As the cost of emergency accommodation in Brighton & Hove skyrockets, millions of pounds of public money is going into the pockets of private landlords.
THE alarming increase in the cost of short-term accommodation has prompted Green Councillors on Brighton and Hove City Council to renew their calls for the Council to bring this service in-house.
A response to a question from Green housing spokesperson Cllr David Gibson revealed that the net cost of privately-run temporary accommodation to the council has increased every year since 2014/15.
Over £2.77m was spent last year – an increase of £829k on the previous year with net losses to the Council increasing by as much as 500% across the past four years.
With the costs of such accommodation continuing to rise, Greens want to see public money used to provide services to those at risk of rough sleeping, rather than given to private companies.
A set of proposals put forward by the Greens in December 2017 called for an investigation into the savings that could be achieved through Council ownership of short-term accommodation. Despite the proposals being backed by all political parties, Greens say the Labour Council has yet to deliver a report on the matter.
With costs to the Council escalating, Greens are calling for urgent action and have criticised the Labour Council for failing to back Green budget proposals that would have made funds available to buy suitable accommodation.
Green Councillor David Gibson said: “It is shocking that privately provided short-term emergency accommodation costs £2.77m – an increase of over £800,000 on the previous year. Instead of publicly subsidised rents going to private landlords, it’s a no brainer that the Council should provide its own emergency and temporary accommodation, which could be done at a much lower cost to the public purse.
“With resources tight, we are calling for our proposals to use cheap borrowing to buy buildings to be properly explored. We called for this to be investigated back in December. Now the costs are escalating, it is more urgent than ever and the Labour Council needs to get a move on and look at the options for Council-run short-term accommodation. Other Councils that have started doing this have already reported huge savings – but crucially also a better service.”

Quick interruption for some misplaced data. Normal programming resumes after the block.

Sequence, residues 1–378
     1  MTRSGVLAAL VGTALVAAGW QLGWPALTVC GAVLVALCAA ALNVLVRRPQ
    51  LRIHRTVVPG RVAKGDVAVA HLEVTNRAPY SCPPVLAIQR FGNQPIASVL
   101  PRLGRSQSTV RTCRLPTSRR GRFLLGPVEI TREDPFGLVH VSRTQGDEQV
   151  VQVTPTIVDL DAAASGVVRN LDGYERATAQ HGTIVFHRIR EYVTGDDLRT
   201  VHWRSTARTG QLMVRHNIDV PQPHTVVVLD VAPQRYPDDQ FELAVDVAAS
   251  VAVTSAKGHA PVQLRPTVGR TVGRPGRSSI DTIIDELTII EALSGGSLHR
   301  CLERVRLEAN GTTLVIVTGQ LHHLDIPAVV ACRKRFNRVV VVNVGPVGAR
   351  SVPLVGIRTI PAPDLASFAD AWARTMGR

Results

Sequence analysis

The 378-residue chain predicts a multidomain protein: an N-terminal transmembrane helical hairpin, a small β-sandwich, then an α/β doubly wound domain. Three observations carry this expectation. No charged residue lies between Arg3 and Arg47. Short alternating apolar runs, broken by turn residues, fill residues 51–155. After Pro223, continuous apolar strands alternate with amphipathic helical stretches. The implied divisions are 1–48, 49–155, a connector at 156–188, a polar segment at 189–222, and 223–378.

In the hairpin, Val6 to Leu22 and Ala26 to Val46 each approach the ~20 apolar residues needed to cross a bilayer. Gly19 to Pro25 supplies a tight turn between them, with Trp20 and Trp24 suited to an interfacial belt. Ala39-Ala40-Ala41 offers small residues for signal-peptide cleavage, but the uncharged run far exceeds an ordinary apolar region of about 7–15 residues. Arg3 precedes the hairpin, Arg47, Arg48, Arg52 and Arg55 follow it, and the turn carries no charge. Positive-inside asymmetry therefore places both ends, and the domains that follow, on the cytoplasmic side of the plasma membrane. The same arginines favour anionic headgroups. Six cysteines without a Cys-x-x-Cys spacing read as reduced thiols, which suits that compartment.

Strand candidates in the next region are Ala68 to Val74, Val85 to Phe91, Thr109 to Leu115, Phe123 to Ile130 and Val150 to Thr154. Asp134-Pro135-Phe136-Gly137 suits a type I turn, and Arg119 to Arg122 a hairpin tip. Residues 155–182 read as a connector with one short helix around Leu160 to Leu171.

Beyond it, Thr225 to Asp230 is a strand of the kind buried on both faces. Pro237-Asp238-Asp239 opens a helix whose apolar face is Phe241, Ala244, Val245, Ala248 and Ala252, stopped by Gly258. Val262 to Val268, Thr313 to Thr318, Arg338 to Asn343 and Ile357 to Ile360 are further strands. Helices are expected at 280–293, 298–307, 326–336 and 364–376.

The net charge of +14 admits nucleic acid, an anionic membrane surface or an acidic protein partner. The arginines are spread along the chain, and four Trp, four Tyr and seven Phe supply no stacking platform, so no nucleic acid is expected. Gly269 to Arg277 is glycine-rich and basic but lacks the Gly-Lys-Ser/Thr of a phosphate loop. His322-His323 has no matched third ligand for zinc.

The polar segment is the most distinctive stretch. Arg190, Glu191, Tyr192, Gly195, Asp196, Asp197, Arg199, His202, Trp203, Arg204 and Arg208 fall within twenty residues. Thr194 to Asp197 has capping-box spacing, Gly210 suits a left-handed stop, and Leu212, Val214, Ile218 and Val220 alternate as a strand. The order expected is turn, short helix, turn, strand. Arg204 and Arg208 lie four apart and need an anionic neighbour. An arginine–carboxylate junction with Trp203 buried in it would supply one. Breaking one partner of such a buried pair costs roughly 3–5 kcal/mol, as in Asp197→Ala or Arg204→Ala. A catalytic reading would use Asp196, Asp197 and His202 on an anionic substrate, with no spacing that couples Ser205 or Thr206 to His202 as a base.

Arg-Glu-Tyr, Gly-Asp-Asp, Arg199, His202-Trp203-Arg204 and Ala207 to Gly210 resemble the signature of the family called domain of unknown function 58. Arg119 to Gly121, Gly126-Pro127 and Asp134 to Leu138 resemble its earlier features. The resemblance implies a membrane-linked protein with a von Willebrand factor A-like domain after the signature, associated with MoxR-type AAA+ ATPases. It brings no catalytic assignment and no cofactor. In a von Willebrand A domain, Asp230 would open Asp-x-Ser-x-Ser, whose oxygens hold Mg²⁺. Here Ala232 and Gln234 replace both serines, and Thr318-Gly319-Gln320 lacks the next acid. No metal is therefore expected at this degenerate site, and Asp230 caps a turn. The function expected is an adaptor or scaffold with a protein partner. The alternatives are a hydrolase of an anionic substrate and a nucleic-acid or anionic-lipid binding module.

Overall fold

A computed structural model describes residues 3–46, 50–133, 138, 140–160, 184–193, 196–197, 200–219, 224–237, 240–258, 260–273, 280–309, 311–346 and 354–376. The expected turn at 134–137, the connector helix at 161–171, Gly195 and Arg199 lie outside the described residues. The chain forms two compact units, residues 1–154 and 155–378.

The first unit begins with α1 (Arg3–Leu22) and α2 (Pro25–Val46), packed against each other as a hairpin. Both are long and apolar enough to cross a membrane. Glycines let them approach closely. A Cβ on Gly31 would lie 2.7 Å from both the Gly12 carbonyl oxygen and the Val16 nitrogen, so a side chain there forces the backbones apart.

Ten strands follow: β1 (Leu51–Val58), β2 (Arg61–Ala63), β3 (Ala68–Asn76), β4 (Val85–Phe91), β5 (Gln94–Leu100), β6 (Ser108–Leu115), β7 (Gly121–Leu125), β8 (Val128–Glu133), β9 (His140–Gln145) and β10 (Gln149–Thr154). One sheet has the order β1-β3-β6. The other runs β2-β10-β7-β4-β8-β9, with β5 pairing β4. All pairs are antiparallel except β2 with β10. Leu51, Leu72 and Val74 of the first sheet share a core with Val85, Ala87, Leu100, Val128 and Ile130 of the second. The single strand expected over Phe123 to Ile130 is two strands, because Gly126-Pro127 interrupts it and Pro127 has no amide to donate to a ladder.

Greens have argued that the Council could also provide a better service to homeless people through delivering its own emergency accommodation. Private landlords are currently under no obligation to provide support services to vulnerable tenants in emergency accommodation.
A Labour group spokesperson responded saying: “Everyone is aware of the high cost of providing emergency and temporary accommodation for people in urgent housing need, especially in a city like Brighton and Hove. Unfortunately, due to the national housing crisis and Conservative austerity policies, costs have continued to rise.
“However, the Green Party will know that as a Labour council we are already delivering new council-owned temporary accommodation for those in housing need – with 10 new homes completed at Stonehurst Court, and 12 new homes planned at Oxford Street. Court is now occupied and, alongside giving families new high quality accommodation, we are making savings which will continue as we move forward with schemes like these. Another scheme for 15 more temporary accommodation units is also planned, and we intend to carry on working hard to provide more council-owned temporary and emergency accommodation.
“So we agree with Cllr Gibson that the cost of emergency and temporary accommodation for residents is a valid concern, but what really matters is the delivery of new council-owned units, which is taking place, alongside our work to try to reduce the number of households that reach a housing crisis.
“We would welcome Cllr Gibson acknowledging that as a Labour council we have been more focussed on delivering new council-owned temporary accommodation than when his party led the council.”